And what Paul is asking Timothy to do here is, essentially, to continue the pattern which was the pattern of the synagogue. You remember, for example, when in the synagogue in Nazareth, Jesus is invited to read from the scroll of the prophet Isaiah. And he reads from it, and then he sits down, and the eyes of all in the synagogue are fastened on him, waiting to hear what he’s going to say when he moves from the public reading to the exhortation and the teaching which comes from it. And you can find that this pattern—the reading of the Law and the Prophets and then the apostolic writings—is in the New Testament. You’ll find it, for example, in 1 Thessalonians 5, Colossians chapter 4. And Justin Martyr, in his First Apology, in the middle of the second century, identifies the fact that this was happening. He said,
On the day called Sunday, all who live in cities or in the country gather together [in] one place, and the memoirs of the apostles and the writings of the prophets are read, as long as time permits; then, when the reader [is] finished, the president speaks, instructing and exhorting the people.
So, what place do we give to the public reading of Scripture? A question as to whether it is read, and then if it is read, how it is read. Actually, I’ve only read here just a few verses in your hearing, and I made one mistake. It annoys me greatly when I make a mistake in the public reading of Scripture. Apparently, it doesn’t annoy many of my colleagues so much, ’cause they do it with routine ability and create every so often the notion in the mind of the reader that tense or gender is a kind of arbitrary thing, when in actual fact it isn’t. I say I’m annoyed at myself; therefore, you can understand why I would be concerned for others.
Do you practice the reading of the Bible? I find that the move that I’ve made now, after twenty-five or twenty-eight years, from the NIV to the ESV has been the one thing that has made it more and more difficult for me just to publicly read the Bible, ’cause so much of it is in my head. First there’s the King James, then is the NIV, and only laterally is this—and I find myself reading ahead and not actually reading the text. I don’t want to belabor it, but again, come back to Derek Prime: he never missed a beat in reading the Scriptures. Christopher Ash, who was with us a couple of years ago, in that very excellent use of English, he read “slowly and clearly”—slowed it down, so that we would understand how important it is.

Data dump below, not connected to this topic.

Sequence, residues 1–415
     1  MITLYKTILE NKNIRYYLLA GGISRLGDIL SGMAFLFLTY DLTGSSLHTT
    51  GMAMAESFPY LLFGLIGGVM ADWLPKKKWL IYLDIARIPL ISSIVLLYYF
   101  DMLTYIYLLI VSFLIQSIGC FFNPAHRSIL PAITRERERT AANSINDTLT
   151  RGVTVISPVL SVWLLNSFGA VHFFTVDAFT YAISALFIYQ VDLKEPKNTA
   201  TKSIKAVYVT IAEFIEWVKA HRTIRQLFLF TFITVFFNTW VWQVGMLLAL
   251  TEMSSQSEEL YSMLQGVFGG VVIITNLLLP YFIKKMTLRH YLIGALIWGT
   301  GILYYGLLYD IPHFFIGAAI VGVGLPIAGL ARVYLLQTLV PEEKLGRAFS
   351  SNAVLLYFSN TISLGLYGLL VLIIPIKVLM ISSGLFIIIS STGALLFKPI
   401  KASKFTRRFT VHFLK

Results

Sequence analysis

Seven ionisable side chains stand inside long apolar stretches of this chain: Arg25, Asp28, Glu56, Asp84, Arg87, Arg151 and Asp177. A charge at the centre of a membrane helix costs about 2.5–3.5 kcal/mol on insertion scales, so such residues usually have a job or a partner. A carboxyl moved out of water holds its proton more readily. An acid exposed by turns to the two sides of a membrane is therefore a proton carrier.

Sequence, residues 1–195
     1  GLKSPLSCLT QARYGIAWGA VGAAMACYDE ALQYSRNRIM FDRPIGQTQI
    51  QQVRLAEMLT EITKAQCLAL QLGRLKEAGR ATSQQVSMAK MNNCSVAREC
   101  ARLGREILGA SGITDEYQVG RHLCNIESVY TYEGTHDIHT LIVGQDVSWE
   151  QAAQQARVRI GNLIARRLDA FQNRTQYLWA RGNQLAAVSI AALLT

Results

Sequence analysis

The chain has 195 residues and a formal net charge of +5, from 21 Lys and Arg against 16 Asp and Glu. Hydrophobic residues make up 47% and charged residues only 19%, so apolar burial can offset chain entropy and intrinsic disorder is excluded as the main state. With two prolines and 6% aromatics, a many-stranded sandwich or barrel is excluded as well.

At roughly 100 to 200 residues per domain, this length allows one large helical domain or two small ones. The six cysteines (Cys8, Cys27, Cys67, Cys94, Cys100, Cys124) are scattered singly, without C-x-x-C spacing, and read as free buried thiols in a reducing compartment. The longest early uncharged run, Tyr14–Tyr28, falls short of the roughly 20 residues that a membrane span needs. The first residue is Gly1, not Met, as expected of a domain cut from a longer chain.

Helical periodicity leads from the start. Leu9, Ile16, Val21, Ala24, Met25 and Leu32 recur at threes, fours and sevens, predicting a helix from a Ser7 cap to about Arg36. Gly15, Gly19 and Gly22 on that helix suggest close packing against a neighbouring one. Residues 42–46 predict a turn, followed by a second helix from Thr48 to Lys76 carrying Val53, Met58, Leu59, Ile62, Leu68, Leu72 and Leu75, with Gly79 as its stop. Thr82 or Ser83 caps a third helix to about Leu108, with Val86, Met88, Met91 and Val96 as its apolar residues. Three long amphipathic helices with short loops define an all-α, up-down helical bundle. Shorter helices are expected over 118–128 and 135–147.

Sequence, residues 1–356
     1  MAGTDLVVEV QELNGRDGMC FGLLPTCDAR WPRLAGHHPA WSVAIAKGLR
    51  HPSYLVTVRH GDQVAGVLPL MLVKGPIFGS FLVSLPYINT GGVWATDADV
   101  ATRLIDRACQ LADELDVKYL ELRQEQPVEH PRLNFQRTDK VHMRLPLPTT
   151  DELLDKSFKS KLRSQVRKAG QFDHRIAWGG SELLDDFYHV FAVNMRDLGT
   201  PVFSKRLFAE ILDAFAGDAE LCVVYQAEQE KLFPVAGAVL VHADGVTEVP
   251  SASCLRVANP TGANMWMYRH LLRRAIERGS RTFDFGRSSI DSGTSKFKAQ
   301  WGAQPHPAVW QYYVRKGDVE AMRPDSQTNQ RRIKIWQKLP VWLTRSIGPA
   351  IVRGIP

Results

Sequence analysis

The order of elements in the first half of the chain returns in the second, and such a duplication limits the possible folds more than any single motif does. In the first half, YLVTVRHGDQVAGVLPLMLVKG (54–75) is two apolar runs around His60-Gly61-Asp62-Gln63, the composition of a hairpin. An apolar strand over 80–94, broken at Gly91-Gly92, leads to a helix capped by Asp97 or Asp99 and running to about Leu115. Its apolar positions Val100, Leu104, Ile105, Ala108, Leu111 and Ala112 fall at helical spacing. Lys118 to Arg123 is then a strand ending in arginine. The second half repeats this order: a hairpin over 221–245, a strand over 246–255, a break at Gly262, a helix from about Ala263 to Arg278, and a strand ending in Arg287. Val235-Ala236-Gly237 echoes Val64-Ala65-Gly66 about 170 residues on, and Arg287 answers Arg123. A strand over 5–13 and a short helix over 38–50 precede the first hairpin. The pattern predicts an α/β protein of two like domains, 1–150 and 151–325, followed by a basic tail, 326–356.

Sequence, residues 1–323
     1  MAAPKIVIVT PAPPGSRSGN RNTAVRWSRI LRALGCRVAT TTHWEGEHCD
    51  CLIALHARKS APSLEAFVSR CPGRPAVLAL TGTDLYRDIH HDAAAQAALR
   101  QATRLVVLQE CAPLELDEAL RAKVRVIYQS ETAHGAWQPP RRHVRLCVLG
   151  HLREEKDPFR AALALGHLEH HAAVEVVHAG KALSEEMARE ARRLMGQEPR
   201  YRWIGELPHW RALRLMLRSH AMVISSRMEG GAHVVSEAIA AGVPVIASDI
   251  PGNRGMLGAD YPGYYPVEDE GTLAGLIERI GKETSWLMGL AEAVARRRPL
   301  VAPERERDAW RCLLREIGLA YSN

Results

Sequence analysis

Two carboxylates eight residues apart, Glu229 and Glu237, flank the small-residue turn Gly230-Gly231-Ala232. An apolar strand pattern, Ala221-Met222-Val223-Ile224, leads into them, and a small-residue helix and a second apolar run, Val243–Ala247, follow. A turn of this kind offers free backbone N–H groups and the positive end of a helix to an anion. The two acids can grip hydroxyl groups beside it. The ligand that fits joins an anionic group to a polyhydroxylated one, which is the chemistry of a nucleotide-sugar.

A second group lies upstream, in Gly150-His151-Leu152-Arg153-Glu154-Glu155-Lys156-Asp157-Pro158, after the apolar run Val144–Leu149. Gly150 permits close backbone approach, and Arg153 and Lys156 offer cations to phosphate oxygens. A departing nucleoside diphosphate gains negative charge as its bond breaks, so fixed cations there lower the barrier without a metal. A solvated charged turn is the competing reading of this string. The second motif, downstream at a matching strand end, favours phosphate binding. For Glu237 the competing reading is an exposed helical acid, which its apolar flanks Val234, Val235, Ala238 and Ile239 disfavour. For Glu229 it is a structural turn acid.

Now, not simply the public reading, but also, then, the exhortation, so that the Scripture that is read is to be preached. Sinclair again has helped us with this. [Murray Capill] on one occasion wrote as follows:
[In preaching,] the primary aim is not to achieve increased biblical understanding along with a few practical ideas for applying it to life. Rather, the [supreme] aim is that [after] the … text is proclaimed, [we] will encounter God himself in a life-[engaging] way,
that the Word will make a difference, that the Word will produce change.
It’s no surprise, then, that those who have been most useful and are most useful in this have been equally convinced of the power and authority of Scripture. I have a friend here at Parkside who gives me old books, and one of the little books that he gave me for Christmas a couple of years ago was a book—it’s not often seen—by Horatius Bonar, and it’s called God’s Way of Peace. It’s “A Book for the Anxious,” he says. And at one point in the book he says this: “The Bible is a living book, not a dead one; a divine one, not a human one; a perfect one, not an imperfect one. Search it, study it, dig into it.” Then in a little footnote he quotes Luther, who writes:
We must make a great difference between God’s word and the word of man. A man’s word is a little sound which flieth into the air and soon vanisheth; but the word of God is greater than heaven and earth, yea, it is greater than death and hell, for it is the power of God, and remaineth everlastingly. Therefore we ought diligently to learn God’s word, and we must know certainly and believe that God himself speaketh with us.
And I think that has come across throughout this entire conference as a word to each of us. The privilege of exhortation combines with the responsibility of teaching: read it, and exhort or preach, and teach.